The Impact of Multiple Sclerosis on Quality of Life

In Clinical Development, Whitepapers by Freya SmaleLeave a Comment


As a follow up to yesterday’s post introducing the disease, here is some more information about the affects of Multiple Scerlosis.

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The Impact of Multiple Sclerosis on Quality of Life

Multiple Sclerosis, a disease that damages the fatty myelin sheaths around axons of the brain, produces a myriad of symptoms, and until very recently, was largely considered a mysterious disease, with no known cause or treatment. Today, there are many more treatments available and research has begun to shed some light on the basics of this disease. While treatment is beginning to offer a far more optimistic outcome, those with an MS diagnosis still experience changes to their quality of life.

Those suffering from MS may lose the ability to use their extremities at some point during their disease. MS sufferers commonly are effected by “flare-ups” were symptoms worsen for a period of time. For some, these worsening symptoms can affect the extremities, the eyes, the gastrointestinal tract, or the brain. Flares generally occur during the spring and the summer, but the reason for this is unknown. During flares those suffering from MS will require more help than they normally would, and many will find it difficult if not impossible to work during these periods.

Because of this, the economic implications of MS are high. In fact, many with MS will eventually not be able to keep up full time employment, and would need to turn disability benefits as the disease progresses. There are, however, individuals who have the ability to work, through the majority of their illness, in specific industries.

The onset of this disease usually occurs during the peak productive ages of 20 to 50 years; having the major family’s breadwinner suddenly not be able to work and earn a full time income due to the implications of MS causes major financial strain both on the person suffering and their immediate family. MS affects sensation, cognition, and motor function, all of which are essential to a person’s productivity and these can be symptoms which prevent patients from being able to work on a full, or even part time basis. Fatigue, is also a very common MS symptom, can be a critical reason for poor job performance and attendance.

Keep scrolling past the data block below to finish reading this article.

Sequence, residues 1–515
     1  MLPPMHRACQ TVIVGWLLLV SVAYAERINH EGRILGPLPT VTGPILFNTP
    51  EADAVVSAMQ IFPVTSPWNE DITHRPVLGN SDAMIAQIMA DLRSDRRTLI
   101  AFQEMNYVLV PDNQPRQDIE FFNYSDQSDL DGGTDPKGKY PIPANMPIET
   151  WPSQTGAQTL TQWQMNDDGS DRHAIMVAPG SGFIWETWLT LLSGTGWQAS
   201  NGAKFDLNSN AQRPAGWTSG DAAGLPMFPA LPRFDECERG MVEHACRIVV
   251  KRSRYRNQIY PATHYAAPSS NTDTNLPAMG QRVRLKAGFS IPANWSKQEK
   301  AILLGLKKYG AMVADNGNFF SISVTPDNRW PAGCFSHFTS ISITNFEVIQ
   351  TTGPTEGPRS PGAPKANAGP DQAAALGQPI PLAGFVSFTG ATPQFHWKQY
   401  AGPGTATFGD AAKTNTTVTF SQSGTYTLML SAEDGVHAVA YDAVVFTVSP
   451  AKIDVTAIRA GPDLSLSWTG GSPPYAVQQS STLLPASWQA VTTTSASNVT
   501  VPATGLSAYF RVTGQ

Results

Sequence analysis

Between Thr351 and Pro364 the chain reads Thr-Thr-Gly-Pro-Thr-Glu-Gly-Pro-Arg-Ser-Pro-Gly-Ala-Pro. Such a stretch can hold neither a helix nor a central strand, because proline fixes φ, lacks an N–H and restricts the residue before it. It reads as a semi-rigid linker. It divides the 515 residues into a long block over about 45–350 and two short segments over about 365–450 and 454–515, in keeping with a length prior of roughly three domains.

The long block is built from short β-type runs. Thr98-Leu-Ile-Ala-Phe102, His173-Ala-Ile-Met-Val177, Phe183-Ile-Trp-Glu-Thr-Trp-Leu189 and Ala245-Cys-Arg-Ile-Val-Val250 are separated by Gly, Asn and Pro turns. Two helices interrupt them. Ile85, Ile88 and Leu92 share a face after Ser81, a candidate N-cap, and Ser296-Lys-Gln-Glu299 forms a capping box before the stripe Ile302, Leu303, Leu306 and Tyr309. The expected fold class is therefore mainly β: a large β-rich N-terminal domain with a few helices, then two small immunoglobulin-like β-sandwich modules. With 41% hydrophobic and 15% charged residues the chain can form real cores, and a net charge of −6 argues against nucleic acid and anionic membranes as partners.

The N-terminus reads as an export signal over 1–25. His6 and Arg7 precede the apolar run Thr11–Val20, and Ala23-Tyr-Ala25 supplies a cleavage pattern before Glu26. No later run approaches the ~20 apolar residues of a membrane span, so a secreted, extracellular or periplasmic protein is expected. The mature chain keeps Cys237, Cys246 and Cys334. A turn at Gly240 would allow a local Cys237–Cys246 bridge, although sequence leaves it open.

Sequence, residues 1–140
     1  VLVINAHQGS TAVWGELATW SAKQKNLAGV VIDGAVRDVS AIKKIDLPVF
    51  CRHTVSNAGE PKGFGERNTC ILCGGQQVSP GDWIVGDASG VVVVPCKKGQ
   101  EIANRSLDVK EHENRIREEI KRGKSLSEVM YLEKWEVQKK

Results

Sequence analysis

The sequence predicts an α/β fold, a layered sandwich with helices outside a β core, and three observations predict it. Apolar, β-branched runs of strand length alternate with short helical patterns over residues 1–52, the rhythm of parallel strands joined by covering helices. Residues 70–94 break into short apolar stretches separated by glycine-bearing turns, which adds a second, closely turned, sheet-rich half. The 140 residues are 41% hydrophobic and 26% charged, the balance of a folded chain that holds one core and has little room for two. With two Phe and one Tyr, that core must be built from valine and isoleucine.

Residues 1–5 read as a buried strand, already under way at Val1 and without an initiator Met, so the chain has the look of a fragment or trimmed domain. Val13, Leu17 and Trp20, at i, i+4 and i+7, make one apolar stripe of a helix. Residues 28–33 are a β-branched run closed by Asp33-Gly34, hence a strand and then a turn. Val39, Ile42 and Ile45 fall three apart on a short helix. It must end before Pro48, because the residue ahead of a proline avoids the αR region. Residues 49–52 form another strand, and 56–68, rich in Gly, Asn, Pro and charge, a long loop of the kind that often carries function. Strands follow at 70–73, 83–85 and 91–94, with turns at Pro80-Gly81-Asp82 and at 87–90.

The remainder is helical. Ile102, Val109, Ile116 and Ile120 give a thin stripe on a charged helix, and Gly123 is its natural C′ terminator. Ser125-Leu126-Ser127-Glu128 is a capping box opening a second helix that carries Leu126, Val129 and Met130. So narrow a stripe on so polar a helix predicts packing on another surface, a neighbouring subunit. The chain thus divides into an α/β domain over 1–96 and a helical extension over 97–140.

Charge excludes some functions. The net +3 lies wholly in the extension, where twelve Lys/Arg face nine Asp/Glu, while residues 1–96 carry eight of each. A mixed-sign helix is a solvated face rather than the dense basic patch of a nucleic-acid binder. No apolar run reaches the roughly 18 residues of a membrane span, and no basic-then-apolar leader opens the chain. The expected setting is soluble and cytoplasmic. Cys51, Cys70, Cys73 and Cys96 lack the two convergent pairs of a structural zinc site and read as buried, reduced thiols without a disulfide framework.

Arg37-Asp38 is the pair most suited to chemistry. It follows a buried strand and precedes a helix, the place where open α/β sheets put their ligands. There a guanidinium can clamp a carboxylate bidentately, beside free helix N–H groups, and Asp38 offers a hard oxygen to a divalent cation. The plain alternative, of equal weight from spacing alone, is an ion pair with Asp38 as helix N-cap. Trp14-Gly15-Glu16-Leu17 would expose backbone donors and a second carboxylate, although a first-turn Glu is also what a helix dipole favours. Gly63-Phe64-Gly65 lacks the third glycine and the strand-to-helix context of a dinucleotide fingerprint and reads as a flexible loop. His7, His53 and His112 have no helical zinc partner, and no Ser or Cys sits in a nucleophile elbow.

The psychological impact of such a disability is obvious and depression is also common among those suffering with MS. Careful mental health care, should be offered to all patients with MS.

The changes in the life of a person suffering with MS oftentimes also cause strain and changes in their relationships, both with immediate families, colleagues and friends. Symptoms brought about by MS often means those suffering will not be able to keep on being as active as they once were, and this can cause difficulties in their relationship with their spouse, children and friends. The spouse of a person suffering with MS will also have to adapt to changes in lifestyle and in the quality of life, due to economic implications and financial strain the disease can bring on a family. The level of intimacy between a couple impact by MS will also change, due to the different symptoms and fatigue, and this again causes another level of stress between a couple. A mother or father suffering from MS will also experience changes in the way they are able to cope with their children; they might not be able to keep on being the active parents they once were.

With all these major changes occurring, families and especially spouses of those suffering with this disease should seek help and also some counselling to learn themselves how to cope with these changes and how to best care of their loved one.

Those with MS, and their families, should make self care a priority and ensure regular reviews are being conducted to monitor the progress of the disease. Proper nutrition should also be a top priority as this can contribute to alleviating some symptoms. In fact, those with MS can help reduce their symptoms by keeping a carefully planned, well-balanced diet. Solid nutrition, that utilizes all of the food groups, helps build the immune system and can help to keep those who are ill with multiple sclerosis healthier in the long run. According to the National MS foundation, Omega 3-Fatty Acids should be a regular part of a patient’s diet, or should be supplemented with dietary supplements. Studies have found those who took Omega supplements were less likely to see progression in their disability and were less likely to experience a relapse, or “flare-up”. Those with MS are also advised to keep their weight at a healthy range, as excessive weight can cause further complications of the disease. Regular physiotherapy sessions are also recommended.

While Multiple Sclerosis is surely a devastating diagnosis, there is plenty that can be done to ensure a quality of life for both the patient and his or her caregiver remains high. In fact, many MS patients spend many years living a relatively normal life with few limitations, and current treatment options are now available that allows for an increased quality of life for patients for much longer periods of time.

This article was contributed by Genpharm Services, a leading pharmaceutical consulting firm offering full market access services into the MENA region for specialty, rare disease, orphan drugs & biotech companies. Click here now to find out more about Genpharm Services.

The World Orphan Drug Congress team is delighted to welcome Genpharm as a sponsor to the 2013 event, taking place in November! Find out more about this event here >

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